Helps Prevent Bone Loss

Researchers from the Diabetes Therapy review also noted that high-intensity strength training could be an effective strategy for preventing sarcopenia and osteoporosis by helping to maintain muscle mass and bone density as you age. "Bone health is vital for those living with diabetes, since diabetes significantly increases the risk of developing osteoporosis," says Palinski-Wade.

Supports Healthy Weight Loss

Strength training helps support healthy weight loss by building lean muscle tissue that reduces your total body fat percentage—a critical risk factor for people with diabetes. Also, having more muscle mass boosts your metabolism by helping your body burn fat for energy instead of muscle. These factors are critical for managing diabetes, maintaining strength and a healthy weight.

"Strength training helps support a healthier weight, which can improve blood pressure, cholesterol and triglyceride levels," explains Palinski-Wade. "All this helps reduce the risk of developing complications associated with diabetes, such as heart disease, stroke and kidney damage."

Best Strength Training Exercises for Diabetes

1. Squats

Whether using free weights, a machine or your body weight, squats are an effective exercise for those with diabetes since "squats work multiple muscle groups at once, helping you use more glycogen and burn more calories," says MacPherson. Squats are a compound movement that targets several muscle groups in your lower body.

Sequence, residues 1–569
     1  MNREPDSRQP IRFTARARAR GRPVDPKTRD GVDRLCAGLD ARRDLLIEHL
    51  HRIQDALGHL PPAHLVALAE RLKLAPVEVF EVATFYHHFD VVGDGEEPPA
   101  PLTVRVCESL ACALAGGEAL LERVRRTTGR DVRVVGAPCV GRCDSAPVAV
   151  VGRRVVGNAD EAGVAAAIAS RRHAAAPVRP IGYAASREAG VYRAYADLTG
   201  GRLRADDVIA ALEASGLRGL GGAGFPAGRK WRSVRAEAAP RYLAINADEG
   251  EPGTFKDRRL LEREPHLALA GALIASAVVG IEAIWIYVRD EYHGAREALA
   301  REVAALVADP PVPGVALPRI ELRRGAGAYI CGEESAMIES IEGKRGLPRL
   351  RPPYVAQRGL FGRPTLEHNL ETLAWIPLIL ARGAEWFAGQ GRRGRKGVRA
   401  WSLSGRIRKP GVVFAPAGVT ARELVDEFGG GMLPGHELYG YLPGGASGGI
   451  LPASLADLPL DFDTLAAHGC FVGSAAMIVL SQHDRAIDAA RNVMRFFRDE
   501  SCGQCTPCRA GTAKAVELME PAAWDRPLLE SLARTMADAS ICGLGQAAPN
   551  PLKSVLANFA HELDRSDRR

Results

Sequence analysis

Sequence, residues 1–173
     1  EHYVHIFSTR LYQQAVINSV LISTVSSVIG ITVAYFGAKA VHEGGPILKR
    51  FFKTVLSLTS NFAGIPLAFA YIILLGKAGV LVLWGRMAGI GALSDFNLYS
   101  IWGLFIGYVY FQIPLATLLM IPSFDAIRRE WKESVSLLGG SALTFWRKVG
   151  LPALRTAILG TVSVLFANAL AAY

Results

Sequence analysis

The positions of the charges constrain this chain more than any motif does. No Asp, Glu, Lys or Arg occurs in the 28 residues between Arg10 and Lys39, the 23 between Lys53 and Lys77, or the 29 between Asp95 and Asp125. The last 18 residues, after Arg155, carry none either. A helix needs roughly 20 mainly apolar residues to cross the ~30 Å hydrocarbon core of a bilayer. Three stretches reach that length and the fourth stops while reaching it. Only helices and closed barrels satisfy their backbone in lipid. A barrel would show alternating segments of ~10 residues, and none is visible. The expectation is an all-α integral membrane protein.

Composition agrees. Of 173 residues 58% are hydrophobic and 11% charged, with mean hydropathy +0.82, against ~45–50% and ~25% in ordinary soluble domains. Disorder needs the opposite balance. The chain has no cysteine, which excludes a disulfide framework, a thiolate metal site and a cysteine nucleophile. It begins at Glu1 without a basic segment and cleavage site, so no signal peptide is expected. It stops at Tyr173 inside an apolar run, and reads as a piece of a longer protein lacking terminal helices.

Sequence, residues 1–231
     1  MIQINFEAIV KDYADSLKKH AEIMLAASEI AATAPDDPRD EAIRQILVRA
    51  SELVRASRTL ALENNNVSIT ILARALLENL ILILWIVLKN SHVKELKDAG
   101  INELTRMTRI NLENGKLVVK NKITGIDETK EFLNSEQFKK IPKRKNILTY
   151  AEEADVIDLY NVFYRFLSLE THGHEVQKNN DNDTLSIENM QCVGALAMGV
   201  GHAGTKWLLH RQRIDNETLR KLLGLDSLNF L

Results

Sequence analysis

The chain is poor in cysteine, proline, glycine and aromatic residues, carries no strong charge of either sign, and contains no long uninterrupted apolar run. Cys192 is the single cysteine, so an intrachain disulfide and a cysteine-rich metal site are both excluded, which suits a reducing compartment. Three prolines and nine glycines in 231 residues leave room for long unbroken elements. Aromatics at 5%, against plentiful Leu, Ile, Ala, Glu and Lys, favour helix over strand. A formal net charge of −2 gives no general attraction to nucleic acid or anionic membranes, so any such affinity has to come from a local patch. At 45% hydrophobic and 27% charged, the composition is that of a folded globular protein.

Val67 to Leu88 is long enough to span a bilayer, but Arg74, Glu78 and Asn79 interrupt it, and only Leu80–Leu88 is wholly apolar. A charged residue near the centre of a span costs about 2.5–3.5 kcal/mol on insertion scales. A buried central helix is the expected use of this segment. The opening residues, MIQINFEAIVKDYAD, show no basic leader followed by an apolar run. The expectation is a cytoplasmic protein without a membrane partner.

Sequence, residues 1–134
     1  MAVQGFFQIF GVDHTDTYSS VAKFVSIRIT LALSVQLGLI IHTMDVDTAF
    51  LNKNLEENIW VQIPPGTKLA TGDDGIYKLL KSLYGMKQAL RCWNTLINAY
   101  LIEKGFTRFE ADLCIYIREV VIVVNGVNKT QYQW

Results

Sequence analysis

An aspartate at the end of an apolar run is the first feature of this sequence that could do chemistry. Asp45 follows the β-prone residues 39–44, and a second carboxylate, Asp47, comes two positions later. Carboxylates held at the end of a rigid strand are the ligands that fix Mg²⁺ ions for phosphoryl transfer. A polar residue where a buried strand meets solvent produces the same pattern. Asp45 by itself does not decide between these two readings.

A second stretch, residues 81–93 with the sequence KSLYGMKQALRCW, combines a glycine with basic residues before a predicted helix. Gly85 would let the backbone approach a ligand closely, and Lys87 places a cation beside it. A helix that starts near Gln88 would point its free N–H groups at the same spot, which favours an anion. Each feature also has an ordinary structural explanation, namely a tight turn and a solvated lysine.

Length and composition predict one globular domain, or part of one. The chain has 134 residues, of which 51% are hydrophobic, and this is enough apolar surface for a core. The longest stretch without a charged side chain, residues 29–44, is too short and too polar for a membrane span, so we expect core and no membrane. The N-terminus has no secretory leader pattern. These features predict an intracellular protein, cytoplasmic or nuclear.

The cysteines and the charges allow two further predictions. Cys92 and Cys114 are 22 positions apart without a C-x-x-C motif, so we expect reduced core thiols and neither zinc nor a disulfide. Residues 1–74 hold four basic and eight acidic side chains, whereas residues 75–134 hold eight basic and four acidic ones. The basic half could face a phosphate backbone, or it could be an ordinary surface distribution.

"Squats are beneficial for diabetes, as they target multiple muscle groups and help to improve overall body strength," says Palinski-Wade. "They also help to increase flexibility and balance, which is especially important for people with diabetes who may be at risk of falls or injuries due to neuropathy."

2. Walking Lunges

Another lower body exercise, walking lunges are fantastic for strengthening the glutes and quads to improve overall strength and mobility. MacPherson says, "Walking lunges help burn calories and build muscle as they increase your heart rate more than other body-weight movements.

Walking lunges can also make you more stable, an important consideration for those with diabetes. "Walking lunges help improve balance, which is crucial for those with diabetes who may experience numbness in the feet and have an increased risk of falls," explains Palinski-Wade.

3. Pushups

This classic movement has been a staple in strength training programs for years. That's because pushups target multiple upper body areas, including the chest, shoulders and triceps. This helps those with diabetes build muscle mass and reduce body fat.

"Pushups are another great exercise for people with diabetes, as they target the chest, shoulders and triceps," says Palinski-Wade. "Regular pushups can help to improve overall strength and reduce the risk of injury due to weakened muscles."

4. Pullups / Lat Pulldowns